Sphere-templated tissue scaffold is a viable subcutaneous implant

Sphere-templated tissue scaffold is a viable subcutaneous implant
Compared with high-density porous polyethylene implant materials, sphere-templated poly (2-hydroxyethyl methacrylate) tissue scaffold stimulates a minimal inflammatory response; supports cellular ingrowth, collagen formation, and neovascularization; and may induce less scar formation, according to an experimental study published online Oct. 8 in the Archives of Facial Plastic Surgery.

(HealthDay)—Compared with high-density porous polyethylene (HDPPE) implant materials, sphere-templated poly (2-hydroxyethyl methacrylate) (poly[HEMA]) tissue scaffold stimulates a minimal inflammatory response; supports cellular ingrowth, collagen formation, and neovascularization; and may induce less scar formation, according to an experimental study published online Oct. 8 in the Archives of Facial Plastic Surgery.

Amit D. Bhrany, M.D., of the University of Washington in Seattle, and colleagues conducted a study involving the subcutaneous implantation of poly(HEMA) and HDPPE disks into the dorsal subcutis of C57BL/6 mice to evaluate their use as .

The researchers found that poly(HEMA) and HDPPE implants resisted extrusion, elicited a minimal inflammatory response, and supported neovascularization. While cellular and collagen ingrowth occurred in both implants, collagen ingrowth was thicker in the HDPPE implant due to the larger porous structure, while poly(HEMA) had much thinner within smaller pores. Within the fibrous ingrowth of the HDPPE and individuals pores of poly(HEMA), blood vessels were observed.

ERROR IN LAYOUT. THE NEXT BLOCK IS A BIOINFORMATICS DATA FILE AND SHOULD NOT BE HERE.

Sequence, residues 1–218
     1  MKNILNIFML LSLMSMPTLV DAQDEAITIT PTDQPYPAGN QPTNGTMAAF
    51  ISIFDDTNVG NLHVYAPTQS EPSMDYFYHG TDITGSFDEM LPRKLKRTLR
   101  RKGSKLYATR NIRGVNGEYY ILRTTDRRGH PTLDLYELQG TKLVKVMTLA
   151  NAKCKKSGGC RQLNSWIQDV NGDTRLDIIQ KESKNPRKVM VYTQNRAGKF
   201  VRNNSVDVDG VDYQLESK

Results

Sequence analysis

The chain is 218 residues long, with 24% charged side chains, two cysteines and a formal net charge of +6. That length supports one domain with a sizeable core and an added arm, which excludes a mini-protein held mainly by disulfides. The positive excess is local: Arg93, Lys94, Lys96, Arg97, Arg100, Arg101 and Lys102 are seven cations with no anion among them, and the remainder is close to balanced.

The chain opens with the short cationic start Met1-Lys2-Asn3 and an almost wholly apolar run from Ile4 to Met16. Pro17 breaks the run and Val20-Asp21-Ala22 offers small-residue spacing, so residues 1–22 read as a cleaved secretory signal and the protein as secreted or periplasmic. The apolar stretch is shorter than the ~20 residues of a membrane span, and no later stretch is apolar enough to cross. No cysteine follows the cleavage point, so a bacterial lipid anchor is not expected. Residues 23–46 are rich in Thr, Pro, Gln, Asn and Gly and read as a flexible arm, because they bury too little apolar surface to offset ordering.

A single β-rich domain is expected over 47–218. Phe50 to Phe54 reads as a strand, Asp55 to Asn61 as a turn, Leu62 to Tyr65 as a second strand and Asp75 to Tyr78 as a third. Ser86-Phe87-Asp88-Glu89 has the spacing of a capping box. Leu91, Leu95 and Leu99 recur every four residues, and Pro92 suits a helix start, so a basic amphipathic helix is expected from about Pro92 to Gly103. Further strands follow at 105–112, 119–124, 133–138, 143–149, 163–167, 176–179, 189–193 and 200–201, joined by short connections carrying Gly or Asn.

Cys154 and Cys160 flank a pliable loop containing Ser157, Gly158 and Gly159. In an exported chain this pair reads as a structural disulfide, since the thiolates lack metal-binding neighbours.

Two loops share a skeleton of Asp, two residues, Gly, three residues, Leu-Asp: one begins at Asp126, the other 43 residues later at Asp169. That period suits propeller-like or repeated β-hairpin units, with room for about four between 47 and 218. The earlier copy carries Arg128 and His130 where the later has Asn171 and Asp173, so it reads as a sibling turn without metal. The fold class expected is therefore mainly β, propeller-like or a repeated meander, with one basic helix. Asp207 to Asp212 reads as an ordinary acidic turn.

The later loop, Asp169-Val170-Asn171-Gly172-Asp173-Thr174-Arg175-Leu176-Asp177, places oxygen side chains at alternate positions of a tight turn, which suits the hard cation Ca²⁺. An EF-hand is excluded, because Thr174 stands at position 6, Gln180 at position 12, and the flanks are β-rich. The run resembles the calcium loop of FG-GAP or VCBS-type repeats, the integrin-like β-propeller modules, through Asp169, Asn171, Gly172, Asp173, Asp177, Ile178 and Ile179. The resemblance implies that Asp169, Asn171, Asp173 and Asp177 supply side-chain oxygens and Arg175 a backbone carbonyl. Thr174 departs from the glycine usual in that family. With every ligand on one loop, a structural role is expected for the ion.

"In conclusion, this study serves as a foundation demonstrating that, as a subcutaneous implant, the sphere-template poly(HEMA) tissue scaffold exhibits good biocompatibility and supports cellular infiltration, collagen formation, and neovascularization," the authors write. "Because of its tightly controlled porous structure, the sphere-templated poly(HEMA) implant also may induce less scar-type healing response than the HDPPE implant."

One author disclosed to Healionics, which has licensed the sphere-templated scaffold technology from the University of Washington.

More information: Abstract
Full Text (subscription or payment may be required)

add to favorites email to friend print save as pdf

Related Stories

Recommended for you

Study seeks to sharpen surgery systems

8 hours ago

Communication and coordination are important aspects of any workplace - but arguably more important in operating theatres than anywhere else, according to Professor Sharon Parker from The University of Western Australia's ...

Italian teen gets titanium pelvis in world first

Feb 25, 2015

An Italian teenager suffering from bone cancer has had half his pelvis replaced by a titanium transplant in what medics at Turin's university hospital centre said Wednesday was a world first.

User comments

Please sign in to add a comment. Registration is free, and takes less than a minute. Read more

Click here to reset your password.
Sign in to get notified via email when new comments are made.